Ask Me About Saturdays
by Dulcie Stone
        Bill snores through the alarm, which is still clanking when I
leave in dressing-gown and slippers; it's the only way to wake
him in a good mood.

        The radio's on in Rina's room. No surprise. Guess who didn't
switch it off.

        In the kitchen - switch on the radiator, put on the kettle, get
out the Weeties, bread, everything; get the lunches from the
fridge, pack their boxes - five of them but not mine, it's for
free at the Snack Bar. It goes with the job.

        They come in like Brown's cows, rubbing their eyes and yawning
and go crook because I'm too busy to wait on them.

        Fetch the iron. The rain has stopped but the uniform is still
damp. the steam's like a fog, hot and sweaty.

        "Eat your breakfast, Mum." Wayne's already showered and
dressed. He has to leave early for a special assignment in metal

        "I don't have the time. I've got to dry this.

        "Use your new one."

        "Then I'd have no spare. It costs."

        "Money's not that tight."

        "You know better."

        He doesn't argue. He knows better.

        Last week we sat down and worked it all out. Even if he goes to
work next year money won't be too much easier;
sixteen-year-old's don't earn too much. Besides there's still
the other three, and Bill's not getting any younger. There's
plenty of strong young men around; the way work is, labourers
are two a penny. Anyway, Wayne wants to go on, if we can manage.
He'll be a good electrician, with his brain. It's a great trade;
you always want one of them. They make good wages too, but it's
a long way off if that's what he wants to be.

        He knows there's no argument. It don't stop him. "You should
take time to eat properly."

        "I'll grab a piece of toast. Don't worry."

        "You ironing my overalls?" Bill's red-eyed, puffy. Another late
night watching tely and drinking. Guess it beats thinking.

        "What overalls?"

        "I left them at the back door. They got soaked yesterday."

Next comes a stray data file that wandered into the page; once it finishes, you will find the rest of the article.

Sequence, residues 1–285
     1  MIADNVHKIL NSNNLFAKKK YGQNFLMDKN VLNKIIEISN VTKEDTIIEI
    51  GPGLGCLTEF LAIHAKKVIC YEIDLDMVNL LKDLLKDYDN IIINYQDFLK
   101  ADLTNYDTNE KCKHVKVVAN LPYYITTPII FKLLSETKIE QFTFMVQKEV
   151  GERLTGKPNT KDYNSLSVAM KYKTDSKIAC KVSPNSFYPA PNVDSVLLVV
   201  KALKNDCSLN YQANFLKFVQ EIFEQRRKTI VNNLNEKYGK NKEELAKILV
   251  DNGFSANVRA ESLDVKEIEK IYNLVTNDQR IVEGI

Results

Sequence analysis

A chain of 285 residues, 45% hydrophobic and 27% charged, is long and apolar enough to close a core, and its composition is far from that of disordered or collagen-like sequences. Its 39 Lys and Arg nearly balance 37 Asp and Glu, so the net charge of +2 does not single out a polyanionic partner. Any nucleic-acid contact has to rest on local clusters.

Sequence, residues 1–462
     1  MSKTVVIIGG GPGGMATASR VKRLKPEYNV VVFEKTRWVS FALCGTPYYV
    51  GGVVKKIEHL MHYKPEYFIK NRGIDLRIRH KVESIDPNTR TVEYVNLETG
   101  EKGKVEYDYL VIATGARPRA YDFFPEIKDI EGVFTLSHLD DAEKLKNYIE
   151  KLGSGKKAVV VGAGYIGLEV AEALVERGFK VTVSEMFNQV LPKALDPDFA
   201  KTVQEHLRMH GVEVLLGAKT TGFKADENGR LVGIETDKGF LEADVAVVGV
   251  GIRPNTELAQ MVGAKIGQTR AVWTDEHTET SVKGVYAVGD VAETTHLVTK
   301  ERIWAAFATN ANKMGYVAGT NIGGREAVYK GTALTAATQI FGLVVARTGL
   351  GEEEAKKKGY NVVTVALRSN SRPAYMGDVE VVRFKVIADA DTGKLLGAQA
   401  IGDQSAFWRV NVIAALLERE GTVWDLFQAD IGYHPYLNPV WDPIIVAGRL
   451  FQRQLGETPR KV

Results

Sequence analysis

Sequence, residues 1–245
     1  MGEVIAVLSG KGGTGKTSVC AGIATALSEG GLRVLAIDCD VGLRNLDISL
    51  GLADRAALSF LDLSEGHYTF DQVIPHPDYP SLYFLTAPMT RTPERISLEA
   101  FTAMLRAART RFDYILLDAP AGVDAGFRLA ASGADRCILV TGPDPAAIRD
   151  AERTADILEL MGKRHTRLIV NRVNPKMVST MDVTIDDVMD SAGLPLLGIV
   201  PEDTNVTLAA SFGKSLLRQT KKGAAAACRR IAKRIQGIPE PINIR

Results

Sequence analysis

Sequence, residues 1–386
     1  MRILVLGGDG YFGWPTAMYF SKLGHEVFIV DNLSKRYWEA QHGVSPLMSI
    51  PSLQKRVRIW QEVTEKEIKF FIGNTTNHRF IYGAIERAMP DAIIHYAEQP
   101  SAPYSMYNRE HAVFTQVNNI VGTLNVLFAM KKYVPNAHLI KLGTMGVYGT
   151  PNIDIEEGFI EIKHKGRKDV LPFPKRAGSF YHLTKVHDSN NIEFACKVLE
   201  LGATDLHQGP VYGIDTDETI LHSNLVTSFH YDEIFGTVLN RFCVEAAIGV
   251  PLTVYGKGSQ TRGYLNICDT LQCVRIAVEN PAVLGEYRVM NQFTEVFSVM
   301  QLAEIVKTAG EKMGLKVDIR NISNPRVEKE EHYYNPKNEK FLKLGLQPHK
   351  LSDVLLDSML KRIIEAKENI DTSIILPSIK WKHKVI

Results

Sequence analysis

"You didn't tell me."

        "Anyone with half a brain would work it out."

        "I'm sorry. There's fresh ones in your drawer."

        Now the uniform's only a little bit damp. It'll be right on the

        "See you!" Wayne's off.

        " 'Bye." Quarter hour to go; time for a cup of tea, a quick
slice of toast.

        "I can't find them." Bill, looking helpless as usual.

        "The top drawer. Top left hand drawer." For once not set out
ready and waiting for him.

        "I looked there."

        "I'm sorry. If I'd known you'd need them - "

        "Don't forget to do the dirty ones for tomorrow." He's yanking
one leg after the other into them, tearing at worn hems,
panicking at being late.

        "I'll try to wash them before work." There goes the breakfast.

        "I'll be late tonight. Fred's got a birthday drink at the pub."

        "Have a good day, love."

        "Huh!" He hates the job. Winter and summer, rain, hail, or
shine, he's outdoors. He used to like it, when he expected to be
put on as a tradesman. Nowadays he's not got the papers. The
trade just grew past his schooling. Poor Bill.

        "At least it looks like clearing up today." Trying to make him
feel better.

     So like Jamie, he pulls back away from being kissed, being
soft. "For what it's worth."

     Back door slamming, he stomps off, out the gate, Digger
barking goodbye, down the road towards the corner, hurrying to
Fred's for his morning lift.

        Yesterday's overalls, left by the back door, are wet and muddy,
stiff, from the wallowing filthy job he's on right now. There's
no way to get them washed and on the line in time, it's too late.

        "Gary! Gary - can you put these in to soak?"

        "He's gone." Rina's washing the breakfast dishes.

        It starts, the panic. Don't be late!

        "Rina - "

        "I haven't time." The panic is there for her too.

        "I'll do it." Jamie drops the tea-towel like a hot brick. "Rina
can finish these."

        "No you don't." She shoves the towel back at him, eyes on the
clock. Like me.

        Overalls waiting to be washed, uniform  waiting to go, steaming